Last updated on November 26th, 2017
Yesterday, because I insist on having fragrant blooms in time for the December holidays, I grabbed my old soup tureen, several jardinieres, and some
tacky whimsical Santa mugs, and planted them with tropical narcissus bulbs. Would you like to see the fun procedure?
Note: If you want your tropical bulbs to bloom in time for Christmas, be sure to plant them by mid-November. December plantings will bloom just when you want them to: during a snowstorm in January.
Unlike hyaincths, tulips, and other cold-hardy “Dutch” bulbs, tropical narcissi do not require a lengthy chilling period in order to bloom. Nor do they require soil, unless you are planning to save them for future planting outdoors. For indoor bloom, a simple medium of pebbles will do the trick.
Tropical narcissi will grow in any water-tight container. The only rule is that containers be deep enough, preferably 4-5 inches, to permit enough pebbles to be spread under and around the bulbs, and thus give support to the big root masses which develop.
Need a few bulb-containing ideas? I use the following:
A matching pair of green jardinieres (these, I think, will look great on the parlor mantel)…
And some Santa Claus mugs. Although the mugs are intended for hot beverages, their true calling is horticultural. Planted with paperwhites (one bulb per mug), and arranged in a row on the dining table, the mugs make a nifty centerpiece for the Christmas buffet.
Tips for Planting. You’ll need pebbles or some other aggregate to anchor the bulbs in place. I prefer aquarium gravel, because it is composed of tiny, polished pebbles. Unlike driveway gravel or marbles, which are only suitable for large containers, aquarium gravel works in all planting-situations. The pebbles aren’t cheap, but they can be reused year after year.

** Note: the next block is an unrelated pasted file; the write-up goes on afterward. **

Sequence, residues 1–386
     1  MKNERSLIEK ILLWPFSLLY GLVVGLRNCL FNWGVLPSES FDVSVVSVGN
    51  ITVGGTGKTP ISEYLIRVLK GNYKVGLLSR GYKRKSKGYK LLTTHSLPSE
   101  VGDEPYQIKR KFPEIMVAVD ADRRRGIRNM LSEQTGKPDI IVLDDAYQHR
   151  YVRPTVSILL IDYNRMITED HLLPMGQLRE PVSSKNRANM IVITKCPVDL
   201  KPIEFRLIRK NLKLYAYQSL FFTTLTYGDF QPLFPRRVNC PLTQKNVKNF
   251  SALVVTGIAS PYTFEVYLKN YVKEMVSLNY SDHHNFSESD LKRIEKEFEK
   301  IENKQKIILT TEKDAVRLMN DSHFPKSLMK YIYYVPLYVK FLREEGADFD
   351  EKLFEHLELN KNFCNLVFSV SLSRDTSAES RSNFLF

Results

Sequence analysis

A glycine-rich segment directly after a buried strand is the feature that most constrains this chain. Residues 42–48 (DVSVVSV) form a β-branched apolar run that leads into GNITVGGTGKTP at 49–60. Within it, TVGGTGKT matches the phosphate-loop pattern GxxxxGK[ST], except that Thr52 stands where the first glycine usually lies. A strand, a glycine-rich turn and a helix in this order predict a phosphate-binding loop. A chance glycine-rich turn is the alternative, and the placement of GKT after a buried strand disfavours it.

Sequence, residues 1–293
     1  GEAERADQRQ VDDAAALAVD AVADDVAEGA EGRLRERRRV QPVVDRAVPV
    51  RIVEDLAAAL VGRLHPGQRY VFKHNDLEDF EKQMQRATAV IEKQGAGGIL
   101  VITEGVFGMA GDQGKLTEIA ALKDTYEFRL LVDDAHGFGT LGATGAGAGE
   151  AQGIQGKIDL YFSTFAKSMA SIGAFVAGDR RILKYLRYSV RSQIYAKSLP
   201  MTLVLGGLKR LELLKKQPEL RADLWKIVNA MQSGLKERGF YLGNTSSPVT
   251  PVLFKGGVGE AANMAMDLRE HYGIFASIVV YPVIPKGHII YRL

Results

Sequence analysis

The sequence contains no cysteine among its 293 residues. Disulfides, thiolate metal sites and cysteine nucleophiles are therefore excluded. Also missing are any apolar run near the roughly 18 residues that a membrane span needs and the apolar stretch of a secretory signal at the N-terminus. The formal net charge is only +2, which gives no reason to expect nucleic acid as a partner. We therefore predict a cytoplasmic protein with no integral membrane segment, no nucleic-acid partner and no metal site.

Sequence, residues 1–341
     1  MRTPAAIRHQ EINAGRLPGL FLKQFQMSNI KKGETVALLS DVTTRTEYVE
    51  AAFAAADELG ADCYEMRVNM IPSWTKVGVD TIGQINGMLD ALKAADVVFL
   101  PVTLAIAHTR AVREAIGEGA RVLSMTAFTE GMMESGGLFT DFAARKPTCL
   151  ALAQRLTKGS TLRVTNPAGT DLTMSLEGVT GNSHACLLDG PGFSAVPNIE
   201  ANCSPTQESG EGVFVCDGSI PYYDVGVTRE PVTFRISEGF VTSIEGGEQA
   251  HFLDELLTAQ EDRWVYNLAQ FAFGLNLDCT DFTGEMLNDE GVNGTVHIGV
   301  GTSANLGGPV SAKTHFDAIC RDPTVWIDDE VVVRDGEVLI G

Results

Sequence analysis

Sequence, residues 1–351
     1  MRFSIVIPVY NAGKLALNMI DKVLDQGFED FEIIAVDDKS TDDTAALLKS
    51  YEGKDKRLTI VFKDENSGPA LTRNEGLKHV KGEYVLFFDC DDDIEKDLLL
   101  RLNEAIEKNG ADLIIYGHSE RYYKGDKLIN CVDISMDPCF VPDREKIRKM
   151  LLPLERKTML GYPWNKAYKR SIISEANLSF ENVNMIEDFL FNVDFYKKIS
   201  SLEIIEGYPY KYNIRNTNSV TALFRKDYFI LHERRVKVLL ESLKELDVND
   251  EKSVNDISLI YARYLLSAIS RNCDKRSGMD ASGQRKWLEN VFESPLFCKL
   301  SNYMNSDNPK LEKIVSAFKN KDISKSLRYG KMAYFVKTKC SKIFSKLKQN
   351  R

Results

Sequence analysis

Now arrange the bulbs on their gravel bed. Never twist or push bulbs into gravel, as this might damage the basal plate. The basal plate is the flat bottom of a bulb, from which roots emerge. Odd groupings of three, five, or seven bulbs make the most attractive displays.
Sprinkle more pebbles betwixt and between the bulbs, just to anchor them in place.
Bring the container(s) to a sunny window in a cool room (65°F max). I put my soup tureen in the south-facing window in the music room. There, the bulbs can share gossip freely with ferns and geraniums.
Yes, houseplants are major gossips. I can only imagine what they say about me when my back is turned.
To keep the stems from growing too tall (unstaked, they will collapse in a miserable heap just as the flowers open), give them a stiff drink: Let the roots grow for one week, then pour the water off, and replace it with seven parts water to one part gin (or vodka or tequilla — any liquor that is 40-percent alcohol will do the trick).
The cocktail method really works. The plants will grow to half their normal size, but flowers will remain just as large and fragrant as usual. As evaporation occurs, replenish with the same liquor-mixture mentioned above, to a level that just tickles the base of the bulbs.
Here are just some of the tropical narcissus varieties I planted today:
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